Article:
OUR OPINION: Guardians at graduation

In the Alerus Center in Grand Forks, a pedestrian walkway runs along the south wall, about 30 feet above what would be the end zone at a UND football game.

In the Alerus Center in Grand Forks, a pedestrian walkway runs along the south wall, about 30 feet above what would be the end zone at a UND football game.

The walkway looked barren Sunday during the Red River and Central high school graduations. The graduates filled the seats on the arena floor, and proud parents and friends populated the stands; so the walkway was about the only empty space in view.

And yet ...

And yet, if you tilted your head and squinted just a bit, you could see them (or at least think you could.)

They filed onto the walkway as the families and other well-wishers climbed the steps in the stands. They greeted each other warmly, shaking hands and clapping one another on the back as they lined the walkway rail.


Now and then, one spoke to his neighbor and, always with a broad grin, pointed down to a graduate on the floor.

Two things made this group stand out. The first is that despite their raucous behavior, no sound issued forth. From the podium on the floor came the principal's command that all present should refrain from cheering until the graduates had collected their diplomas. This, the walkway group ignored, whistling and clapping and pulling one another to the rail as certain graduates crossed the stage.

But the graduates and the families in the stands paid no attention whatsoever. For all was silence on that walkway, as quiet as if the rowdy spectators there were but a company of mimes.

As for the second thing: The second thing that set the group apart, of course, was that they were all in uniform.

And what uniforms! America's military history of the past 235 years seemed represented: here a man in the blue jacket, tan pants and tricorner hat of the U.S. 8th Continental Regiment of the Revolutionary War, there a man in green fatigues stenciled on the left breast pocket with the letters "USMC." It was uniform he'd worn while wading ashore on the beach of Tarawa in 1943.

The hijinks stopped with the first notes of "The Star Spangled Banner." To a man, the walkway brigade ceased what they were doing and stood at attention -- an inspiring sight.

Then -- what's this? Yes ... yes, that's him: Pvt. Aurora Dille, still clad in the blue tunic and kepi hat he'd worn in the 18th Wisconsin, now being ushered by his comrades to the walkway rail.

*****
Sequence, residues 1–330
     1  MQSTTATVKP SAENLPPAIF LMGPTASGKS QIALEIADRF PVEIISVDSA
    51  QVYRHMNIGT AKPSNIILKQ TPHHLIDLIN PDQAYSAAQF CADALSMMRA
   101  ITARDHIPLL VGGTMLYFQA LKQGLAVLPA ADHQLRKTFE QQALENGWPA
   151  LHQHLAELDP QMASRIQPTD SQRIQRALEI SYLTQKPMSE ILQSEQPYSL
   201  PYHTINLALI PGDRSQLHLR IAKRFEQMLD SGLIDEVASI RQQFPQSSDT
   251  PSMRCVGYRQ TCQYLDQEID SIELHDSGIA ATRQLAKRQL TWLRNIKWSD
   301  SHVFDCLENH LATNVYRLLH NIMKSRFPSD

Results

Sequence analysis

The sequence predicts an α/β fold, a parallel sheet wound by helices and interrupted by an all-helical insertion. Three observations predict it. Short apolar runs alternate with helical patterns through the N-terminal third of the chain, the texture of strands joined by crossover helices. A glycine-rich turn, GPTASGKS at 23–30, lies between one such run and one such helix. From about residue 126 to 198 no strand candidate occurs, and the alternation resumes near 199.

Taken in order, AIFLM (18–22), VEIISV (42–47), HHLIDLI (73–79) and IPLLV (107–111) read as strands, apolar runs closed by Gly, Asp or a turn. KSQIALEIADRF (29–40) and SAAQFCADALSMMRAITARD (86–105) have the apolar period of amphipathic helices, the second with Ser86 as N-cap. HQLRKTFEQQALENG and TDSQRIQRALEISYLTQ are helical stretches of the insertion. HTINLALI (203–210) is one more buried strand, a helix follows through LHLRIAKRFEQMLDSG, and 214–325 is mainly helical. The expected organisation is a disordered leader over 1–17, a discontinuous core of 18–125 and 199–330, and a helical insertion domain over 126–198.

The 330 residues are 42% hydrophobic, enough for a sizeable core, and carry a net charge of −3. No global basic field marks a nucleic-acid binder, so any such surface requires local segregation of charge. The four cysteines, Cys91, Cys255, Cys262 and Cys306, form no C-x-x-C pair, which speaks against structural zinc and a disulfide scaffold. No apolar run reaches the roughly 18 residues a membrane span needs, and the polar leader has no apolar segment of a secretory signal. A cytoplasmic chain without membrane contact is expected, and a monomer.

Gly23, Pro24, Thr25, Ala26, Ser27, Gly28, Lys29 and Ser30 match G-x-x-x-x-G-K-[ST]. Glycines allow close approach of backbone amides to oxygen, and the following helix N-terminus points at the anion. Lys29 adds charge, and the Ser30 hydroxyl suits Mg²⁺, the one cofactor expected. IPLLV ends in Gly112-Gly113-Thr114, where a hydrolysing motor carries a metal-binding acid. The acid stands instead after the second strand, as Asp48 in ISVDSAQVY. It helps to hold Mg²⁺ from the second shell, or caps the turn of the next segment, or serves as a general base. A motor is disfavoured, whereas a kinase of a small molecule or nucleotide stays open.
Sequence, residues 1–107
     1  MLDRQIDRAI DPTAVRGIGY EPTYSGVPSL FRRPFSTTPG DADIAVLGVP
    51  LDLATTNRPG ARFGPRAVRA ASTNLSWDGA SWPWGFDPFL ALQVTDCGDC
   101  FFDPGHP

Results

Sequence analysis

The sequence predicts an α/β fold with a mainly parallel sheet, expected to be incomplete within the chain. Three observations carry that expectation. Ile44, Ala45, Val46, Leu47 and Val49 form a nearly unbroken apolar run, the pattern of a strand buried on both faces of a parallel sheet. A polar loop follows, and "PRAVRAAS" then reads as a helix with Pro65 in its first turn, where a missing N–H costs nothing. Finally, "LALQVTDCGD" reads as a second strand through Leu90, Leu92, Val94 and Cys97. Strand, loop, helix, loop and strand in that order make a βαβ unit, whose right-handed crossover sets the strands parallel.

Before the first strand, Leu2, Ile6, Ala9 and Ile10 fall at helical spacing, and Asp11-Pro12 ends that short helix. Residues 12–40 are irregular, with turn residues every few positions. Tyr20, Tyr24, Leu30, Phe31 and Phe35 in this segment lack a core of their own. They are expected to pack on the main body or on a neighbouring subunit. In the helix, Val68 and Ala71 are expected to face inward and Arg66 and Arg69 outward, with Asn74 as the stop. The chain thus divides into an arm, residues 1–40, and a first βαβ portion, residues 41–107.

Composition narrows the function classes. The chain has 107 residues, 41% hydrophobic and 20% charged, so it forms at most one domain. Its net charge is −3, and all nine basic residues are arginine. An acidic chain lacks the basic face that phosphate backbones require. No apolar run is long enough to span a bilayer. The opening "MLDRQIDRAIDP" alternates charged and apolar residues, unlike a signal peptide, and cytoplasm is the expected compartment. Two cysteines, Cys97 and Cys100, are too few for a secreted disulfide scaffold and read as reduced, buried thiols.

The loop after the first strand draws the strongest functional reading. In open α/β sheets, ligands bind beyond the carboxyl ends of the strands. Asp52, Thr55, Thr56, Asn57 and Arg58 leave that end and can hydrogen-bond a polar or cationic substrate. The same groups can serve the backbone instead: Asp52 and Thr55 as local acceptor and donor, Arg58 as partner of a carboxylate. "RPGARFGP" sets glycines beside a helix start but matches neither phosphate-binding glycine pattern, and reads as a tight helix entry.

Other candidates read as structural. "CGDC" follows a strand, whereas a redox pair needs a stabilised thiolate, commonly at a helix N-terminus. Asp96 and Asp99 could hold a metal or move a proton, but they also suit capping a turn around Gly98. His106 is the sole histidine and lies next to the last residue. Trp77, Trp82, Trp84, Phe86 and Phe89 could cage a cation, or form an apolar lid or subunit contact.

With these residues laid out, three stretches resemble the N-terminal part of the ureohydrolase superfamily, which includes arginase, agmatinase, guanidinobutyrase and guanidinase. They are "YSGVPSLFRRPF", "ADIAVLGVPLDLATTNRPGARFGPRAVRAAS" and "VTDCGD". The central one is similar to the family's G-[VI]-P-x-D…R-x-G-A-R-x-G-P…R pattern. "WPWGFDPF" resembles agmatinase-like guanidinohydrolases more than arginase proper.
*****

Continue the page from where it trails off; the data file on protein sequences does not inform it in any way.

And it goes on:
Not long after enlisting at age 49, Dille had been wounded in the foot and captured in the battle of Shiloh in the Civil War. Historians call the spot the Hornet's Nest.


He'd spent months in savage conditions in a Confederate prisoner-of-war camp, then was exchanged and went home to his wife in Wisconsin. But his wound got the better of him, and about a year later, he died.

One month after that, a daughter -- Alice Dille -- was born.

Pvt. Dille wiped his eyes on his tunic sleeve. For crossing the stage below to collect her diploma was his great-great-great granddaughter: Rose Dennis, Red River High School class of 2011.

That's just one story among many of the old soldiers who lined the rail. All of them had tales to tell. All of them were connected to the graduates in some way.

And all of them took immense pride in the proceedings, even though few of the students even knew their ancestors' names.

For all of this -- the diplomas, the grad parties, the Memorial Day cookouts, the college decisions, the careers, the next generation growing up in the Land of the Free ... yes.

All of this was worth fighting -- and dying -- for, the soldiers knew. And who couldn't help but be proud of the fine young Americans below?

The ceremony ended. The graduates and their families filed out. And as a final glance showed, the walkway had emptied, too. A shadow crossed the surface where the sentinels had lately stood.


-- Tom Dennis for the Herald

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